This paper tries to show that Kims strategy of preventing the problem of generalization of mental causation is not successful and that his original supervenience argument can be applied to cases of nonmental macrolevel causation, with the effect that nonmental macroproperties which only supervene on, but are not identical with, configurations of microproperties turn out to be epiphenomenal after all.
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  38. Paolo Rossi (2000). Logic and the Art of Memory: The Quest for a Universal Language. University of Chicago Press.score: 18.0
    The mnemonic arts and the idea of a universal language that would capture the essence of all things were originally associated with cryptology, mysticism, and other occult practices. And it is commonly held that these enigmatic efforts were abandoned with the development of formal logic in the seventeenth century and the beginning of the modern era. In his distinguished book, Logic and the Art of Memory Italian philosopher and historian Paolo Rossi argues that this view is belied by an (...)
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  39. Humphrey P. Polanen Van Petel (2006). Universal Grammar as a Theory of Notation. Axiomathes 16 (4):460-485.score: 18.0
    What is common to all languages is notation, so Universal Grammar can be understood as a system of notational types. Given that infants acquire language, it can be assumed to arise from some a priori mental structure. Viewing language as having the two layers of calculus and protocol, we can set aside the communicative habits of speakers. Accordingly, an analysis of notation results in the three types of Identifier, Modifier and Connective. Modifiers are further interpreted as Quantifiers and Qualifiers. (...)
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  40. Erwin Tegtmeier (2013). Exemplification and Universal Realism. Axiomathes 23 (2):261-267.score: 18.0
    The relation between universal and particular is considered to be the Achilles’ heel of universal realism. However, modern universal realism with facts does not have the difficulties which traditional Platonic universal realism had. Its exemplification relation connecting particulars and universals in atomic facts is very different from Platonic participation. Bradley’s regress argument against the exemplification relation can be refuted in two different ways. Nevertheless, there are good reasons to avoid the assumption of an exemplification relation and (...)
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  41. Jianliang Xu (2009). The Universal Sentiment of Daoist Morality. Frontiers of Philosophy in China 4 (4):524-536.score: 18.0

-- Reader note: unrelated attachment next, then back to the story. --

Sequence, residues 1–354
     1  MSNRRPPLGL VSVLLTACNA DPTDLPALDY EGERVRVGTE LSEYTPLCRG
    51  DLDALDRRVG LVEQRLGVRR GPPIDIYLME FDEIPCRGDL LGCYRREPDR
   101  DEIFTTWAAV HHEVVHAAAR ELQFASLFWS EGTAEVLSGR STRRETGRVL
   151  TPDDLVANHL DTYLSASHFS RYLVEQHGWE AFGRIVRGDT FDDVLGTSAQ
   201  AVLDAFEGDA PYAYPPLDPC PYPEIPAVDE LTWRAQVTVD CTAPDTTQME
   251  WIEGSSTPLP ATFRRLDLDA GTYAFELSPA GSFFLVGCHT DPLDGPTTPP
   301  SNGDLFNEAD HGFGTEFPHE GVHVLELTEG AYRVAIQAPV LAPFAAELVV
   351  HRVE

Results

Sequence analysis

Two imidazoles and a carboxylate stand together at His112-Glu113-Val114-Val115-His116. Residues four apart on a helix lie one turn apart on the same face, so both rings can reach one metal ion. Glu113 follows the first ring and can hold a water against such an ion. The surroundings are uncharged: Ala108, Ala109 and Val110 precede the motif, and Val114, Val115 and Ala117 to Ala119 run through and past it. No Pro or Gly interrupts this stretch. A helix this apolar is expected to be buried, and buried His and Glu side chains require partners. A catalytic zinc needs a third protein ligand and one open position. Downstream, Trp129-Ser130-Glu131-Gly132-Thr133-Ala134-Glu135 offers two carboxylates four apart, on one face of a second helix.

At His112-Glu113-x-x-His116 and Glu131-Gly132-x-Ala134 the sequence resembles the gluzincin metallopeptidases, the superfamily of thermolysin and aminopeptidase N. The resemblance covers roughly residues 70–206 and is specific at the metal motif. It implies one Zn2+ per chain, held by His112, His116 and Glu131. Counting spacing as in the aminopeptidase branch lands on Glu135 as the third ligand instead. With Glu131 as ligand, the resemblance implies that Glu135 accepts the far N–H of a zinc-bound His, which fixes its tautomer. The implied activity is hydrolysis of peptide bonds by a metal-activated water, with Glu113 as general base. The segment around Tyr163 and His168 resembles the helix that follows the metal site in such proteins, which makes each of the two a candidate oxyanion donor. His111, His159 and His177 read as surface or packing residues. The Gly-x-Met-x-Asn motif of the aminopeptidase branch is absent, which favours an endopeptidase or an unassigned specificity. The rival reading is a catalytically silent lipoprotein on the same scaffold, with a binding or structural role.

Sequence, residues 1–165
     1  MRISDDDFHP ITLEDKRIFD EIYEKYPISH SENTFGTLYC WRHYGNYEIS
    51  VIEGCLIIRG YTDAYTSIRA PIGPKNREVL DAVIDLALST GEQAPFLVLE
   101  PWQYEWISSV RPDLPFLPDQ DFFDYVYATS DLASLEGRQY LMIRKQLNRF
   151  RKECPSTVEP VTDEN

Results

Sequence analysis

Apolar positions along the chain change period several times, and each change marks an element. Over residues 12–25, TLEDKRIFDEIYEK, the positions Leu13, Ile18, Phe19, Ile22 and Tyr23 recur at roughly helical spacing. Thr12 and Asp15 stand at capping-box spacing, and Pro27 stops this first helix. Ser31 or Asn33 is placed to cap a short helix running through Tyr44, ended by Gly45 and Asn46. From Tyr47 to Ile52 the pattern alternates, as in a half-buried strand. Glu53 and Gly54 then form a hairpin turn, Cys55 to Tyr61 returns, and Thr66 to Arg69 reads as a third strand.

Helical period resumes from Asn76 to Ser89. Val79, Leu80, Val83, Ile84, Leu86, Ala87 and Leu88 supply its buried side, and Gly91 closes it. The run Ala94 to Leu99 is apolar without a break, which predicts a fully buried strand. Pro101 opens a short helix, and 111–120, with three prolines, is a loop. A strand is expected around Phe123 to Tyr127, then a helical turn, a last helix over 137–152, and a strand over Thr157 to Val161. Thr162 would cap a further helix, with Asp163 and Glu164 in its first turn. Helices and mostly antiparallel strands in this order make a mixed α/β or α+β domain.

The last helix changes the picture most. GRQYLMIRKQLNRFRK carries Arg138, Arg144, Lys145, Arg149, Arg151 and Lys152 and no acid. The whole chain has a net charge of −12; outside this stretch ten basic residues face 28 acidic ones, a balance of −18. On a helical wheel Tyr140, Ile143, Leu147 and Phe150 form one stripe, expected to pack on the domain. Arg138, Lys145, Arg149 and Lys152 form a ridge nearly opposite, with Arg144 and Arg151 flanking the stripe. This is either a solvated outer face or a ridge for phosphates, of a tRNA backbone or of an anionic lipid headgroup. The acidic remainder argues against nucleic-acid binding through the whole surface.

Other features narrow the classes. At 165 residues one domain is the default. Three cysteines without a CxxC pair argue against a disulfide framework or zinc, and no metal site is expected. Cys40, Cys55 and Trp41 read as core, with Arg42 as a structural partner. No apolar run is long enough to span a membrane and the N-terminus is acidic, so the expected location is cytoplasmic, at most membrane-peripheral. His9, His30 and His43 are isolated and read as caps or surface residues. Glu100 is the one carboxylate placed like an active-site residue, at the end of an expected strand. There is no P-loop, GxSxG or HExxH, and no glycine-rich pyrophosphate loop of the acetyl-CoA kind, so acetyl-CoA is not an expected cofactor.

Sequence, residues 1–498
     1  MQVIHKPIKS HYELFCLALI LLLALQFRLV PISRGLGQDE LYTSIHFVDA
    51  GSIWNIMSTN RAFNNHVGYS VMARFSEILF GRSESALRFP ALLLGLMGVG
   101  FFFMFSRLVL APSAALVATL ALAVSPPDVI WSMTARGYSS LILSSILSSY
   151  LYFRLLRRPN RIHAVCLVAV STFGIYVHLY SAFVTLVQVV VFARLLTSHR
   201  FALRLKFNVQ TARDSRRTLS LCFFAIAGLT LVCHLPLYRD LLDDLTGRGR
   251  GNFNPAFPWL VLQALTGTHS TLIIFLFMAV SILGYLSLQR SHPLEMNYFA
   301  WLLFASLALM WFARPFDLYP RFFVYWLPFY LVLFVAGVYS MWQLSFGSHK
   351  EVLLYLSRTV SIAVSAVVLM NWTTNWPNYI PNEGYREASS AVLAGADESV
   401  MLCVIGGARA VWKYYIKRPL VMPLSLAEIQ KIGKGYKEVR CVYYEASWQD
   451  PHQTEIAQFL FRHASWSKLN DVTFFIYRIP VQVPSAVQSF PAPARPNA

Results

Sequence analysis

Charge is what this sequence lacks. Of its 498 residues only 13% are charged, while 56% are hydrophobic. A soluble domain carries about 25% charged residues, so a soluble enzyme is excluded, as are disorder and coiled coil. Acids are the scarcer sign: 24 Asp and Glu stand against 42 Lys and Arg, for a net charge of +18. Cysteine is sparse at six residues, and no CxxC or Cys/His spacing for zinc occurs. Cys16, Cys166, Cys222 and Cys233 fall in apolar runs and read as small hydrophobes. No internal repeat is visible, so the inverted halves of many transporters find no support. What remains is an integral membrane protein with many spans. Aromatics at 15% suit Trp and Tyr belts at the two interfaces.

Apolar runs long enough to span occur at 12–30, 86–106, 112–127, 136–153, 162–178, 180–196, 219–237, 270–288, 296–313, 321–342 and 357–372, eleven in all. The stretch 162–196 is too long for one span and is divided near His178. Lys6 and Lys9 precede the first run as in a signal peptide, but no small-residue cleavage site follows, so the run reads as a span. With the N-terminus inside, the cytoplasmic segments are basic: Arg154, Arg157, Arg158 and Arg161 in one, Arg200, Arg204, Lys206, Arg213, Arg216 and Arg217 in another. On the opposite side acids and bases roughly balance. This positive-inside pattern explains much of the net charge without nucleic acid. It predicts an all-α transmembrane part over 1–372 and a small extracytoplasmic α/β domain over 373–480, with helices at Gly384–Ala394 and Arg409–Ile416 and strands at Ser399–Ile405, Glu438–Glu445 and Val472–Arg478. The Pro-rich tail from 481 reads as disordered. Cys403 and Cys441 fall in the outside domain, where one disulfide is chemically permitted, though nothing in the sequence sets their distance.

Daoism has often been misunderstood as moral nihilism or anti-moralism, but the true Daoism indeed adopts a positive attitude towards morality. At the foundation of its universal sentiment is an affirmation of morality. Daoism takes all things as the starting point of its values in moral philosophy, and ziran 自然 (sponstaneously so) as the foundation of its philosophy with the universal commitment. Daoism hopes to use “ Dao to create the best environment for survival, and to fulfill individual (...)
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  42. Arundhati Das, Surajit Chattopadhyay & Ujjal Debnath (2012). Validity of the Generalized Second Law of Thermodynamics in the Logamediate and Intermediate Scenarios of the Universe. Foundations of Physics 42 (2):266-283.score: 18.0
    In this work, we have investigated the validity of the generalized second law of thermodynamics in logamediate and intermediate scenarios of the universe bounded by the Hubble, apparent, particle and event horizons using and without using first law of thermodynamics. We have observed that the GSL is valid for Hubble, apparent, particle and event horizons of the universe in the logamediate scenario of the universe using first law and without using first law. Similarly the GSL is valid for all horizons (...)
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  43. Scott Forschler (2012). From Supervenience to “Universal Law”: How Kantian Ethics Become Heteronomous. In Dietmar Heidemann (ed.), Kant and Contemporary Moral Philosophy. De Gruyter.score: 18.0
    In his Groundwork of the Metaphysics of Morals, Kant’s desiderata for a supreme principle of practical reasoning and morality require that the subjective conditions under which some action is thought of as justified via some maxim be sufficient for judging the same action as justified by any agent in those conditions. This describes the kind of universalization conditions now known as moral supervenience. But when he specifies his “formula of universal law” (FUL) Kant replaces this condition with a quite (...)